The Banbury Barmaid and the Battle of Edgcote. . . .

battle of edgecote - 1

According to this site, ( Edward IV lost the Battle of Edgcote in 1469 because of a Banbury barmaid. And no, amazingly, Edward was not involved in the lustful squabble. The culprits were the Earls of Pembroke and Devon. . .and a barmaid from Banbury.

It seems that prior to the battle:-

“Edward decided to wait in Nottingham for the William Herbert, Earl of Pembroke and Humphrey Stafford, Earl of Devon, arriving with an army from the south. The strength of this army was around 15,000 -20,000 men and had with it over 200 Welsh nobles. Unusually, most of the archers were with the Earl of Devon, whilst Pembroke’s contingent included around 2,000 cavalry under Pembroke’s brother, Sir Richard Herbert.”

“On 25th July, Pembroke and Devon arrived at Banbury. According to legend, they argued over who would spend the night with a barmaid. Pembroke won and Devon left in a sulk, taking his forces with him. The real cause of the altercation will probably be never known; however, Devon withdrew with his men to Deddington Castle, thus dividing their army at a crucial point.”

When the battle commenced, the rebels (Robin of Redesdale, Warwick and George of Clarence):-

“…attacked across the river, forcing Pembroke to retreat and pull his men back some distance. Pembroke was attacked again in his new position, but he put up a brave defence while awaiting Devon. At 1 o’clock the Earl received the news he had been waiting for: Devon was rapidly advancing with all his men. However, at the same time the advance guard of Warwick’s army arrived upon the field. Rebel morale was instantly boosted. Seeing Warwick’s livery amongst the enemy, Pembroke’s men presumed his whole force of expert soldiers was upon them. The royal army broke and fled the field, possibly before Devon could even reinforce them.”

Battle of Edgecote Moor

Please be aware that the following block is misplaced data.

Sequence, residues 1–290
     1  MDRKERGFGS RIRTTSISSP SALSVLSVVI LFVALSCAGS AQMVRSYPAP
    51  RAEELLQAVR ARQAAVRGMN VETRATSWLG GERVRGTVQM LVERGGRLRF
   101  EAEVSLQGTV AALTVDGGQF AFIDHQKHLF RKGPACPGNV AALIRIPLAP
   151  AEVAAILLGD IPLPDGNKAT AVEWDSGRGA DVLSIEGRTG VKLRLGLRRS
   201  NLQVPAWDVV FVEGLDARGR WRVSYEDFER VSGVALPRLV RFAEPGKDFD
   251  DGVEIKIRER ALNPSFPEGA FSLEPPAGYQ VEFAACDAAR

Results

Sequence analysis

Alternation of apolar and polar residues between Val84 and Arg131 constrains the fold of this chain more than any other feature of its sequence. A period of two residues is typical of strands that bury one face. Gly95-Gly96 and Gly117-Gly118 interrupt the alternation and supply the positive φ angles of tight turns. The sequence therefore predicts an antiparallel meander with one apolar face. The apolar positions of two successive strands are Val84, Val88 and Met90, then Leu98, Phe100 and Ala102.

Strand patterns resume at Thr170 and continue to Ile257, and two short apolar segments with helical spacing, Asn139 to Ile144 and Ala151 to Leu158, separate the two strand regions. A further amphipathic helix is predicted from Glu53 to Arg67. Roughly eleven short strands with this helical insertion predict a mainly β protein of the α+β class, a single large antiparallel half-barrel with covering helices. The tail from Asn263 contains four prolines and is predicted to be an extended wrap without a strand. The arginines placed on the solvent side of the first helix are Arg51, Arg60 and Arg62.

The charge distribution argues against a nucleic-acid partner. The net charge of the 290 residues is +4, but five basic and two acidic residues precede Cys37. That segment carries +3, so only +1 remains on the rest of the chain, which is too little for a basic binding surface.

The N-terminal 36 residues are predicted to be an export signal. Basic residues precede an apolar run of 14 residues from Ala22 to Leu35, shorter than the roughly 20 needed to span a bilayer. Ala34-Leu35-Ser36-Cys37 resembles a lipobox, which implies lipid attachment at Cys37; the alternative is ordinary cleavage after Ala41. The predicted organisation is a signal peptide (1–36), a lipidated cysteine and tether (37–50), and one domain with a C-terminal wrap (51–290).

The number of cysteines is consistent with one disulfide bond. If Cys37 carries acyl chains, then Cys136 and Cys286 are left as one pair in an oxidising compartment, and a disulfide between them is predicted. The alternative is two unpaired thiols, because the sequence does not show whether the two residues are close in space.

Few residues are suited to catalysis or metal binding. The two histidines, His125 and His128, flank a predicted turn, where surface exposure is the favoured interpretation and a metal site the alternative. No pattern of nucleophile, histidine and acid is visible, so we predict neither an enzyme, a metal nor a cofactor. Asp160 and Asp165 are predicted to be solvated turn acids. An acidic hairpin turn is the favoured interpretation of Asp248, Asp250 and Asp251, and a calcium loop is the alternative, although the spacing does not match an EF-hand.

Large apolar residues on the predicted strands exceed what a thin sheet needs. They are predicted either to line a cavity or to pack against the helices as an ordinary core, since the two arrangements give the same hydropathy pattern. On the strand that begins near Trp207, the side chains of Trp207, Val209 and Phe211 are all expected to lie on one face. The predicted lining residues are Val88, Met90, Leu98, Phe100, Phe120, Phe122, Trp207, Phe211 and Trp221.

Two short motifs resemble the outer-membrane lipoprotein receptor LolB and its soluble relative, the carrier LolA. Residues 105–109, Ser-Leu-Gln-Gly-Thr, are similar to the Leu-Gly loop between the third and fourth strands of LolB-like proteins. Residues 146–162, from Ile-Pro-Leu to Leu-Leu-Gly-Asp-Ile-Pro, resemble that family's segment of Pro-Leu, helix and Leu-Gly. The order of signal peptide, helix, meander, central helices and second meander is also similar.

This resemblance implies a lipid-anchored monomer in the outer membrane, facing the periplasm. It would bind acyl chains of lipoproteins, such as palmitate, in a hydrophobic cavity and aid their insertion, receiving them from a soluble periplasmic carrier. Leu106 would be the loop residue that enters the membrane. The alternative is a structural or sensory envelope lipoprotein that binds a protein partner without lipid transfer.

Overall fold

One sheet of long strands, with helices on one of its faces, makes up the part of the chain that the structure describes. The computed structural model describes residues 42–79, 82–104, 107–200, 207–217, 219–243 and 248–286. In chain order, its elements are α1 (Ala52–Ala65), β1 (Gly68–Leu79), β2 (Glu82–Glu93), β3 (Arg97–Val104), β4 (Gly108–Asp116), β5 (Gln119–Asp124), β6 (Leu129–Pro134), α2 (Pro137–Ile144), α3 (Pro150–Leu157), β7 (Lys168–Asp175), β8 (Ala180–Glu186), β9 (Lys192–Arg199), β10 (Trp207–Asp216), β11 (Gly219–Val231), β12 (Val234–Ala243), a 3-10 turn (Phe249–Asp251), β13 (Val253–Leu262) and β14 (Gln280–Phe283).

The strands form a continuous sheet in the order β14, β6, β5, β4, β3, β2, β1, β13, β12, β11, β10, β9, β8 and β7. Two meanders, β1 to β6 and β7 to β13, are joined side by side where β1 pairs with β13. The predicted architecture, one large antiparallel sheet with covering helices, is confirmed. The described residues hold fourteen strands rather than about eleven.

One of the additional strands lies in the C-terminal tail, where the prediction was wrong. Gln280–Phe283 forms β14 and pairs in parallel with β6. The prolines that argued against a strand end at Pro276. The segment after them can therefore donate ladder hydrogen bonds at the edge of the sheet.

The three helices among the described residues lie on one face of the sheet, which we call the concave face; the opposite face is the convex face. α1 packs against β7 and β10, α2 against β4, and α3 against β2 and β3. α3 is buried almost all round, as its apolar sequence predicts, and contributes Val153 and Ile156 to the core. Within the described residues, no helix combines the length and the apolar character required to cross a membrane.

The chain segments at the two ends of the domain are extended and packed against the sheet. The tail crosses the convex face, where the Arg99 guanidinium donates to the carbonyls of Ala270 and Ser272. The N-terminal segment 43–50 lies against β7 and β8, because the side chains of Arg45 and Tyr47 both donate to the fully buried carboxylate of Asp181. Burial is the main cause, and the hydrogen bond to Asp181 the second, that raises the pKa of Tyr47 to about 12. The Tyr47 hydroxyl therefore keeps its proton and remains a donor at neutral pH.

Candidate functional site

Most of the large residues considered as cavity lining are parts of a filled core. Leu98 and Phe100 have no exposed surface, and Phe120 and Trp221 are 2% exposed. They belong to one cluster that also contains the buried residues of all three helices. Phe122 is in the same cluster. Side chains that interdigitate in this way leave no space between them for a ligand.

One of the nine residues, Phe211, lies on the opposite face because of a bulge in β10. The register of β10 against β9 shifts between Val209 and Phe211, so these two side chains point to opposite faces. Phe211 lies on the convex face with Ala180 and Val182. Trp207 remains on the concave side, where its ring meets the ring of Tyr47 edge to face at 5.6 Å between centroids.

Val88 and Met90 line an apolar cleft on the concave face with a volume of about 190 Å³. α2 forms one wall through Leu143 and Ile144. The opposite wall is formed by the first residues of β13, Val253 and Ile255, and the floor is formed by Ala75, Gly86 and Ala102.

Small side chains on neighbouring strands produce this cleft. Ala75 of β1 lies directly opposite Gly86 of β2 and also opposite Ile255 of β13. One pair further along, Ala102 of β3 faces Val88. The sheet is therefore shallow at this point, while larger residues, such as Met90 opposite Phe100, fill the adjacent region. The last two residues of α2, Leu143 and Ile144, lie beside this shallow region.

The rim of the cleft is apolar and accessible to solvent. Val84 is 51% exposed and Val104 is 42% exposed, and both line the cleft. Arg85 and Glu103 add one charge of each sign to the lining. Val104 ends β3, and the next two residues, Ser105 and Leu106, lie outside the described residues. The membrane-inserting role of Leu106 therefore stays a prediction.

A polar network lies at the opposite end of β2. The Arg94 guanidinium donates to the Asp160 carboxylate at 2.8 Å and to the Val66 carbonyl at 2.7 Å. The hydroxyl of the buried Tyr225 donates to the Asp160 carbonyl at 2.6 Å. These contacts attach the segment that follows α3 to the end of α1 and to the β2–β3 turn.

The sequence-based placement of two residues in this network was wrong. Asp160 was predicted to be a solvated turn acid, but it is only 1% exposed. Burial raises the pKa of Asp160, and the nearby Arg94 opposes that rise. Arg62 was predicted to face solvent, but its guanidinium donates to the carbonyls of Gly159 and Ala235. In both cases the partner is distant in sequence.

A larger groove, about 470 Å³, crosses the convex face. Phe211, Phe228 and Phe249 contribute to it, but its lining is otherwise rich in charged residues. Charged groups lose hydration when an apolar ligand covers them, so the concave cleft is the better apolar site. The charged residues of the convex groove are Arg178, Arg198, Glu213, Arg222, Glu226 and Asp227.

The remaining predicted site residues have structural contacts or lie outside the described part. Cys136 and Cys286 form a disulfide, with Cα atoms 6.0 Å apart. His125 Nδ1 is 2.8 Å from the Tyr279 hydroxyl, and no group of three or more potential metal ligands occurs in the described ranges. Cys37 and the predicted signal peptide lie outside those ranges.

“The Earl of Devon never reached the battlefield and . . .fled with his army, but was captured and executed at Bridgewater, Somerset a few weeks later. The Herberts [the earl and his brother] were taken to Northampton’s Queen Eleanor’s Cross and executed in the presence of Warwick and Clarence.”

Robin of Redesdale was believed to have died in the battle, although there is an element of doubt about this.

Edward IV fled the country, and Henry VI was put on the throne again. However, Edward returned in 1471, defeated Henry’s army (well, Margaret of Anjou’s) at Tewkesbury, and remained on the throne until his death in 1483.

So, we have lust for a Banbury barmaid to blame for the outcome of the Battle of Edgcote. The lady’s name does not seem to have been recorded….

battle edgecote barmaid


  1. I know it has been a year or two since you posted this, but you have a sign board showing “Battle of Edgcote” in the picture, then call it “Edgecote Heath” and “Edgecote Moor”. Both of these names aren’t supported by any sources, and only come into the historiography in the 1990s. There’s no such place as either of the names you’ve used. The other details on the date and numbers are wrong too. We (Northamptonshire Battlefields Society) have corrected and updated the Wikipedia entry, so there’s all the info you need without buying our book. Be much appreciated if you’d post corrections, as this is a well respected blog that comes up high on Google Searches. Thanks

    Graham Evans
    Northamptonshire Battlefields Society

    Liked by 1 person

    1. Thank you for pointing out my error, Graham. I don’t know where I got the variations from, but have corrected them. Please keep reading our blog!


      1. Thanks. It is a constant struggle to get these things right. Even the Royal Mail stamps have the error on them. BTW Modern spelling is Edgcote with no middle “e”.

        Liked by 1 person

  2. I’ll correct that as well. Actually, there are a few sites online that refer to Edgecote/Edgcote Moor. Heaven knows where it started.


    1. I think I know when it started. Just compiling the evidence. And please check the Wiki entry now we have fixed it. Or buy our Edgcote book from Amazon.


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